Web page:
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Ann Neurol. 1985 Jun;17(6):573-7.

Nucleus raphe dorsalis in Alzheimer's disease: neurofibrillary tangles and loss of large neurons.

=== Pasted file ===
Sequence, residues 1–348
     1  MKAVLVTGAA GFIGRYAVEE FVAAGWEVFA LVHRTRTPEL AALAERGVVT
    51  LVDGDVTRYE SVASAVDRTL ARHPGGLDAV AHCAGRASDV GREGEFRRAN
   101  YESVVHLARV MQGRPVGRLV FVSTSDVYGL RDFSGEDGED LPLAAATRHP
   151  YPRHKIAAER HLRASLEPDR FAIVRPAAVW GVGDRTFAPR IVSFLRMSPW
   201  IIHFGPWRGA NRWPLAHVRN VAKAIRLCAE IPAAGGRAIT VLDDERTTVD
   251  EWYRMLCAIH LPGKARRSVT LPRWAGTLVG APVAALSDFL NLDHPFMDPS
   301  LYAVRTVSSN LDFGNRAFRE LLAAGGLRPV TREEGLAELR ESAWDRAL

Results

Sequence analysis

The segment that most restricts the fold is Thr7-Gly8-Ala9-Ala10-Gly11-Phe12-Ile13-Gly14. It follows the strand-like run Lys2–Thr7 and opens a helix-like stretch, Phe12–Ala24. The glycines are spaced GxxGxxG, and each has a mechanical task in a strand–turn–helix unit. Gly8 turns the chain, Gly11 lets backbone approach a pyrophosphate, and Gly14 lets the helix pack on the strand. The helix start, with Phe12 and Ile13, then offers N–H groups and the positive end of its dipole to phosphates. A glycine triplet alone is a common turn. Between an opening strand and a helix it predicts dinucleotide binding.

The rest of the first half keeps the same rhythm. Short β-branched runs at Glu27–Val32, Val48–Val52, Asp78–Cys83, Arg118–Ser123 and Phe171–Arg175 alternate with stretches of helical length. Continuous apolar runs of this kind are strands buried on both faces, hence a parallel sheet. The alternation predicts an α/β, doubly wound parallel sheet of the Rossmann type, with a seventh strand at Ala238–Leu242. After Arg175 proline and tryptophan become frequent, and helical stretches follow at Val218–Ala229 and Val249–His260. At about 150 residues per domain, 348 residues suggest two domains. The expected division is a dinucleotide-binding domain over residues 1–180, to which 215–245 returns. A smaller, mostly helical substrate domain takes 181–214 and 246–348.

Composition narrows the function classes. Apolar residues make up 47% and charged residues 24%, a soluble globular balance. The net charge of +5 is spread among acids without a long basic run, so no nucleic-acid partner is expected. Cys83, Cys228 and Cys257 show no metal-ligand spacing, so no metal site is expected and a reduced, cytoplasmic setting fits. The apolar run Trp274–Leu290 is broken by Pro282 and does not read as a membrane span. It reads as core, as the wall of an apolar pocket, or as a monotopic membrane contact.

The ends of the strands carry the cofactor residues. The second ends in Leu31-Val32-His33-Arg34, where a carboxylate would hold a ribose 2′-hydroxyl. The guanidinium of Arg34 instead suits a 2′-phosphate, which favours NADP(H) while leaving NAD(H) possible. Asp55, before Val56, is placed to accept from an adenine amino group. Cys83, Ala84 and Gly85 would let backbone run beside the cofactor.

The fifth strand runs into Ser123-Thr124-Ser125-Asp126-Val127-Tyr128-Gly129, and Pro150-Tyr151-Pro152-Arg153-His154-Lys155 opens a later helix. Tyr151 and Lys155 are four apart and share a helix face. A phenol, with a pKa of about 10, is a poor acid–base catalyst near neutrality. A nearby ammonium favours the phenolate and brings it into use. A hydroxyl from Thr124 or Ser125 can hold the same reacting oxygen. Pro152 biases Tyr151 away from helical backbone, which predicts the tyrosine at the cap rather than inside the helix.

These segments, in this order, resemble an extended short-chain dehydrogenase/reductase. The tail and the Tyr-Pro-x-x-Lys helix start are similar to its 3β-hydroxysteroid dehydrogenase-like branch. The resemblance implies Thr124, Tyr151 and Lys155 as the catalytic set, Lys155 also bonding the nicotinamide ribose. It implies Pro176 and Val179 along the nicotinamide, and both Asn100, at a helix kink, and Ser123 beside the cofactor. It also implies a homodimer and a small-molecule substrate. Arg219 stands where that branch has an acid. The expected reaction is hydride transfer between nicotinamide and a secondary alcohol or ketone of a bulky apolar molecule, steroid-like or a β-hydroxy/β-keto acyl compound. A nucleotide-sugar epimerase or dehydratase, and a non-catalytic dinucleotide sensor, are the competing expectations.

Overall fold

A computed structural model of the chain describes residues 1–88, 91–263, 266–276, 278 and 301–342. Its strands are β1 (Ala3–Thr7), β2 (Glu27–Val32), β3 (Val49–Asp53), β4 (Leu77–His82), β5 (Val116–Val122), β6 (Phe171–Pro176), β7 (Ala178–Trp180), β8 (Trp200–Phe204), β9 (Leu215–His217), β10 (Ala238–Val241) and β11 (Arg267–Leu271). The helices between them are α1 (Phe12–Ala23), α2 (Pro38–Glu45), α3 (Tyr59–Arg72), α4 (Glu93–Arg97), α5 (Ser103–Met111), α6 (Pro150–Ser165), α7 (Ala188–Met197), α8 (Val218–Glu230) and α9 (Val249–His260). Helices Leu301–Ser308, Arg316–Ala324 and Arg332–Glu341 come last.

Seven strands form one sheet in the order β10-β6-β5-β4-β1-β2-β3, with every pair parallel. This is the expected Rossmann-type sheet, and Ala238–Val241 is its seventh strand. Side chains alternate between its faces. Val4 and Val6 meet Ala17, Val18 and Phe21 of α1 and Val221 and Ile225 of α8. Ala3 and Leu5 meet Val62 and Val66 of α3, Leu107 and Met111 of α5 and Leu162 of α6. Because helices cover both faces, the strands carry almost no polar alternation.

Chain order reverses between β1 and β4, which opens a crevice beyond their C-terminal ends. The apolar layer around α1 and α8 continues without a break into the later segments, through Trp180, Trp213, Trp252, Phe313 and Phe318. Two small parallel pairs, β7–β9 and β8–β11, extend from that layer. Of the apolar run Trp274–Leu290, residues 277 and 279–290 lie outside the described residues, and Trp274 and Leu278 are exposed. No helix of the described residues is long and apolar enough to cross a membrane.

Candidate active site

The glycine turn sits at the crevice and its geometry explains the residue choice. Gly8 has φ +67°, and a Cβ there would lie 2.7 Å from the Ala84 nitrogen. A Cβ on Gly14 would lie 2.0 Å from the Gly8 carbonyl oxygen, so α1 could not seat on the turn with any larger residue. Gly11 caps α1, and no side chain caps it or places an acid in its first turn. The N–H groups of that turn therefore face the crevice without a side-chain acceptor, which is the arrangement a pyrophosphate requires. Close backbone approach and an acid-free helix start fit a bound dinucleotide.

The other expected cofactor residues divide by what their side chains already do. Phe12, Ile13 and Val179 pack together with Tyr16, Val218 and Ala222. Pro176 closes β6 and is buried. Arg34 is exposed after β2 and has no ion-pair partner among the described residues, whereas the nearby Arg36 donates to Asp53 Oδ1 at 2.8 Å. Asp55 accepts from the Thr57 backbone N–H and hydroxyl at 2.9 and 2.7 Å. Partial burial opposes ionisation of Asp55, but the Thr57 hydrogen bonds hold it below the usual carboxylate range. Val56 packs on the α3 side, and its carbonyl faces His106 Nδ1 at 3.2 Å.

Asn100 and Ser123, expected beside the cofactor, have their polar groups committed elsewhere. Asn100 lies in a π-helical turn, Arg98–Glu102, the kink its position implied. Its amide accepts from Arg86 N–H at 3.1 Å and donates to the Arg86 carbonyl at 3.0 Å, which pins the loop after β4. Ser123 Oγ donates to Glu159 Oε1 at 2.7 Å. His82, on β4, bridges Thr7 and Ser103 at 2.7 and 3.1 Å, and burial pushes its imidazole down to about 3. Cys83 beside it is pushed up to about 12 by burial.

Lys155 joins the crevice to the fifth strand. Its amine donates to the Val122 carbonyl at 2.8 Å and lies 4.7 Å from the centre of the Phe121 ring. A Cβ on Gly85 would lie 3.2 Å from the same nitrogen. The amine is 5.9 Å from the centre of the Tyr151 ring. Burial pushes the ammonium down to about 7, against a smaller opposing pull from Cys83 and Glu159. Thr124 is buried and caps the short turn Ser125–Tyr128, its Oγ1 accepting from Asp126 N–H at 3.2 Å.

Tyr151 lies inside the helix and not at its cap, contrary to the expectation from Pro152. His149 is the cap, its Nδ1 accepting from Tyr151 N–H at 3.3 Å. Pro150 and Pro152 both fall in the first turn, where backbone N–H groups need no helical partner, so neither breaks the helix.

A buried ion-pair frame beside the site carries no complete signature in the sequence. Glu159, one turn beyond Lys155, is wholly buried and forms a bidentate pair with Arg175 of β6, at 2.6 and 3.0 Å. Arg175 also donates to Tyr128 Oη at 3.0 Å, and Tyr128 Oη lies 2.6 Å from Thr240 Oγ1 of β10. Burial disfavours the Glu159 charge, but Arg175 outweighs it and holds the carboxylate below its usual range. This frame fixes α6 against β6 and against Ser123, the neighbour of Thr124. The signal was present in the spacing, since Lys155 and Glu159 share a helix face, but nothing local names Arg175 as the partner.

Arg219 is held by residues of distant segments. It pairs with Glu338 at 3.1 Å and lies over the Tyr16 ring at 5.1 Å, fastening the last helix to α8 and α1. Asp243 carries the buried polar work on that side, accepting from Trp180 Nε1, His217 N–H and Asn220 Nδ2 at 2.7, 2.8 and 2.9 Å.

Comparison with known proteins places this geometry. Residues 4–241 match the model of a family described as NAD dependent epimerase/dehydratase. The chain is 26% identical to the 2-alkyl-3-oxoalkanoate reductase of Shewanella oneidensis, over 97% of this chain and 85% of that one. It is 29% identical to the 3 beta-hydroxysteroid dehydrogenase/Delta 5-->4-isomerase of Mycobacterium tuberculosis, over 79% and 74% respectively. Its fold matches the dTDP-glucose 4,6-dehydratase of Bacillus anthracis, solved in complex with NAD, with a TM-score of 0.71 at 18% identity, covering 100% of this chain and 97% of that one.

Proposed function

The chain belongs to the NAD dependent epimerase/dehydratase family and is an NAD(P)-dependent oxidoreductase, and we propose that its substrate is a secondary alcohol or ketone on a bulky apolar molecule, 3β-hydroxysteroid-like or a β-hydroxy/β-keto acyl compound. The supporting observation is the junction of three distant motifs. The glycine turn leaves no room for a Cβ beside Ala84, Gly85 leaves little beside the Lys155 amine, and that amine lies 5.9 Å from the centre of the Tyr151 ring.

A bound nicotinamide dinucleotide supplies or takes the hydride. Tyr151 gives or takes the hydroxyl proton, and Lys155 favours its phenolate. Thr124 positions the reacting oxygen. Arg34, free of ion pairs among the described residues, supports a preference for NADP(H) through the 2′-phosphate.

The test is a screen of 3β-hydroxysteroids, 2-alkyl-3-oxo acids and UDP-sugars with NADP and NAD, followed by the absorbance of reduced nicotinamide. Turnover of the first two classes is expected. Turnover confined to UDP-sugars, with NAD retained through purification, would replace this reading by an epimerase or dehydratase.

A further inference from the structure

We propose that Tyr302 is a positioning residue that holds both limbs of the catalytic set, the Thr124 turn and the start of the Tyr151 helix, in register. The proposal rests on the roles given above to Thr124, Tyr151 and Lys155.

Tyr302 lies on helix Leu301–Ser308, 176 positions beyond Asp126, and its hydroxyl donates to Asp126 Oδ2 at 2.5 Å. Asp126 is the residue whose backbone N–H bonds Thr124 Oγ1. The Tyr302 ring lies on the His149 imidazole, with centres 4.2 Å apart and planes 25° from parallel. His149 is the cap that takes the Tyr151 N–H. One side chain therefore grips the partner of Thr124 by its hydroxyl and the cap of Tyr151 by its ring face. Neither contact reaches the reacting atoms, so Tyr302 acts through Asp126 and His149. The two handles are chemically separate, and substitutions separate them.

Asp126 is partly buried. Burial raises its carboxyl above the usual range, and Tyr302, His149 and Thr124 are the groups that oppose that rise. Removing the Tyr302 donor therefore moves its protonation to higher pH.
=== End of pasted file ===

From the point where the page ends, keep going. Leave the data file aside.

Diffuse serotonergic fibers are presumed to project to the telencephalon from the nucleus raphe dorsalis (NRD) of the midbrain, in a manner similar to the cholinergic projections from the nucleus basalis of Meynert (nbM) to the cerebral cortex. Neuropathological changes in both of these nuclei have been reported in Alzheimer's disease (AD). Although many morphometric studies of the nbM in AD have been documented, only one such study of the NRD has been conducted so far; it demonstrated a sixfold increase in neurofibrillary tangles in AD but no statistically significant difference in the number of neurons in patients with AD and age-matched controls. A study of the NRD utilizing different stains and wider anatomical boundaries is detailed in this report of 5 patients with AD and 7 age-matched controls. In AD the NRD showed 39 times more neurofibrillary tangles and the number and cell density of large neurons were reduced to 23% and 28%, respectively, of those in the controls. A small number of senile plaques were found in the NRD in all patients with AD but none were found in the controls.

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